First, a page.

Samsung Heavy Industries develops in-house LNG-FSRU regasification system

PostTime:2017-09-22 08:31:01 View:13

Samsung Heavy Industries (SHI) has developed an in-house LNG regasification system for LNG-FSRU, claiming that the system is able to minimise corrosion from sea water and reap higher energy effciency. The South Korean shipbuilder named the system S-Regas(GI), which utilises glycol to regasify LNG into gas. SHI said the S-Regas(GI) reduces chance of corrosion from traditional method of heating LNG directly with seawater and achieves 5% energy saving. SHI added that in-house regasification system enables not only cost savings but also improvement in safety, schedule and quality management. “SHI will continue to lead market by developing the next generation technologies in the whole LNG value chain. With proven track record and experience we will meet customer's needs such as saving operating costs of LNG-FSRU and solid performance,” a SHI representative said.

MSC keeping up with the Joneses on container megaships

PostTime:2017-09-22 08:30:16 View:10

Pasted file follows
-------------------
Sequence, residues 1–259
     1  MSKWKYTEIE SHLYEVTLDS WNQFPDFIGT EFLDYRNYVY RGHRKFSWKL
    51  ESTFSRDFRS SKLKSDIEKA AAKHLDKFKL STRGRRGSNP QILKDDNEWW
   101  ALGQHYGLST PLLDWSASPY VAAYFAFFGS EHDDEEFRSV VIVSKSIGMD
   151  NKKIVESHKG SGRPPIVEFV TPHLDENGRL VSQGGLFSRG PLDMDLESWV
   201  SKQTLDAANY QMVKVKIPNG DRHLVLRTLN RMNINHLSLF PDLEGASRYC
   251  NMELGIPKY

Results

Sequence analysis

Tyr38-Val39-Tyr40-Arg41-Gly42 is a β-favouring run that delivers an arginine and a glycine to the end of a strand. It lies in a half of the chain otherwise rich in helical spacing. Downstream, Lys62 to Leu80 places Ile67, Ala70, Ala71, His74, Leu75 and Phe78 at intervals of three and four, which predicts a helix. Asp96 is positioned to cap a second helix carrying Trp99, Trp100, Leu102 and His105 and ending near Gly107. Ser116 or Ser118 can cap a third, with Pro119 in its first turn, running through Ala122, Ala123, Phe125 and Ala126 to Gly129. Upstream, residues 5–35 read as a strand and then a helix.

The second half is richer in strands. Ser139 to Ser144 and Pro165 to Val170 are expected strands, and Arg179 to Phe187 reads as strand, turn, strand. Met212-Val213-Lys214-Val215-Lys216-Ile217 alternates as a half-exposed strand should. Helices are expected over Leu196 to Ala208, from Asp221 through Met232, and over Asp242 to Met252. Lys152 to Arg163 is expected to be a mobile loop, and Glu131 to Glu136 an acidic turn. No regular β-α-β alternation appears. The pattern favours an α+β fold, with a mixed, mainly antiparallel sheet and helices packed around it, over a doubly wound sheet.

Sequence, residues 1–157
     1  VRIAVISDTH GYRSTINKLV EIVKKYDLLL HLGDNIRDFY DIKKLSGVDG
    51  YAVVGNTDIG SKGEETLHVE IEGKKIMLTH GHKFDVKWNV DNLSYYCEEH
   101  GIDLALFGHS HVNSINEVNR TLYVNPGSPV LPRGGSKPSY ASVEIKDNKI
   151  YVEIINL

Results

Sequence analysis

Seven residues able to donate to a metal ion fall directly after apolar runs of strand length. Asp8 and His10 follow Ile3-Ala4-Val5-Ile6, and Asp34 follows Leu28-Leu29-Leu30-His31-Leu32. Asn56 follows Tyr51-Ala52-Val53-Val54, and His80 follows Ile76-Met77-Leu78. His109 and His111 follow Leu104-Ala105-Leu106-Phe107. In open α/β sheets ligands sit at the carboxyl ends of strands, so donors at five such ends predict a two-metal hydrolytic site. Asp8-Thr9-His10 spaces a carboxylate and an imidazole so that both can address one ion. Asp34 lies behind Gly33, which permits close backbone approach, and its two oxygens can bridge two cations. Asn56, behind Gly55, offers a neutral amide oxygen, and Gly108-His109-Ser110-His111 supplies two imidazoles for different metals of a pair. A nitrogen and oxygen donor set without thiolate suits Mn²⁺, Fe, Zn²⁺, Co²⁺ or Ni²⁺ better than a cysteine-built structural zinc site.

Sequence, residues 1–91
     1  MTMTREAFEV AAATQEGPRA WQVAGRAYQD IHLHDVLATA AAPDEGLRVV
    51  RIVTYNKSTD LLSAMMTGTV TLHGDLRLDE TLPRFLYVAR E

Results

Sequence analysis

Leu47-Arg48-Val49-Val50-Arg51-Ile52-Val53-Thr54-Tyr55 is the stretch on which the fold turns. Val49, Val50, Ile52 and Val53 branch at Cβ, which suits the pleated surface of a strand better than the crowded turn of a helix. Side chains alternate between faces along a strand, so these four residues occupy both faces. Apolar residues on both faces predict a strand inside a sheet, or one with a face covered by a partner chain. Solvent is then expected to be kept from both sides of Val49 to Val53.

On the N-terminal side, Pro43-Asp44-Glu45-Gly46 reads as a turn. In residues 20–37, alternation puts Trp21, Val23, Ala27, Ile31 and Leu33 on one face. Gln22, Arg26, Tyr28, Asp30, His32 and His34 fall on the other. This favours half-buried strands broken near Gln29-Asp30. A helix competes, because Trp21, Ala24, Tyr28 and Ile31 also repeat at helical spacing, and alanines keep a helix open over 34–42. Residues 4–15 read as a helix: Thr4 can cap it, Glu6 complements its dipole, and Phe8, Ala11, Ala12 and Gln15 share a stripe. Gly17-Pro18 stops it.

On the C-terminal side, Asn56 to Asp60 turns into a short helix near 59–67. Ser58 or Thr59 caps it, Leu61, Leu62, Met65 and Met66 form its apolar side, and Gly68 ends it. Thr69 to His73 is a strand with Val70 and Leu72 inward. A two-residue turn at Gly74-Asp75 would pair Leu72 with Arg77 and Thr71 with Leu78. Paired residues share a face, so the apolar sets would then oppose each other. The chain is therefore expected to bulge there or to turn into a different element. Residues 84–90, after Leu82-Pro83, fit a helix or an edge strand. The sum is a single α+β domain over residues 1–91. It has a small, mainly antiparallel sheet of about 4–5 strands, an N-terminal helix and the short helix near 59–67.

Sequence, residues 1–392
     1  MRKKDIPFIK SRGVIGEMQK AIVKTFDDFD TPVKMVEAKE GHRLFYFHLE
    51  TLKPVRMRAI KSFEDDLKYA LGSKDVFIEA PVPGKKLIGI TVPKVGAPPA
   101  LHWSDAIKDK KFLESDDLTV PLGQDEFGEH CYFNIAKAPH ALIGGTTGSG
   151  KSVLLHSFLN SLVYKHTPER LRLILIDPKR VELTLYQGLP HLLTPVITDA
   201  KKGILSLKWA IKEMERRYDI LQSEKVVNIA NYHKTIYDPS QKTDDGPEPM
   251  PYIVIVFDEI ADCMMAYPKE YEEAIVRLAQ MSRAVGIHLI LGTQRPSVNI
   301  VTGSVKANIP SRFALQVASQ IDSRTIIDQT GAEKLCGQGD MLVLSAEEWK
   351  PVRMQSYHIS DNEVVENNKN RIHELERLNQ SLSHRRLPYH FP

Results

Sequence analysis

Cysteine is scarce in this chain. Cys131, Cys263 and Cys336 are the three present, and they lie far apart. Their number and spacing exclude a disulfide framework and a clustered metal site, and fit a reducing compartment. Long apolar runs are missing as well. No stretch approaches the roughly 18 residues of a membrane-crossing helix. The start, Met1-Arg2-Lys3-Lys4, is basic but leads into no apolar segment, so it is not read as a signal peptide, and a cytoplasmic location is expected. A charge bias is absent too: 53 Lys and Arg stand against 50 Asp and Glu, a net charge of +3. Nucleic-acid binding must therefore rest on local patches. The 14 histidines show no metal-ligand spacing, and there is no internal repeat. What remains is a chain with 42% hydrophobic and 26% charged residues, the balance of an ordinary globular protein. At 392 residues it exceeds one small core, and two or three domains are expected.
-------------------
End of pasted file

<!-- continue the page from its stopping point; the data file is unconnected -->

Following today’s reports that MSC has ordered 11 units of 22,000 teu from Korean yard Daewoo Shipbuilding & Marine Engineering (DSME), latest statistics from Alphaliner on what it calls ‘megamax’ containerships of 18,000 to 22,000 teu reveal some curious coincidences between ordering patterns of individual lines and alliances. Before this week’s order by Ocean Alliance member CMA CGM for 9 units of 22,000 teu size, the 2M Alliance (Maersk/MSC) was out in front with 36 such megaships delivered before 2017, plus another  15 on order (for delivery by 2018), giving a grand total of 51 megamaxes. Ocean Alliance (CMA CGM/Cosco Shipping/Evergreen/OOCL) meanwhile had 5 megamaxes delivered before 2017 plus another 37 on order (for delivery before 2019), giving a grand total of 42 megamaxes. CMA CGM’s order for nine units therefore brought Ocean Alliance to parity with 2M at 51 megaships apiece.But MSC’s ensuing order - just a couple of days later - for another 11 megaships of 22,000 teu-class (by 2020) has put 2M comfortably out in front again with 62 units. However, numerologists will note that 2M’s previous total of 51 megaships in operation or on order was broken down Maersk 31 units and MSC 20 units. MSC’s latest reported order for 11 units therefore brings the two megalines within 2M to parity with each other on megaships at 31 apiece, according to Alphaliner.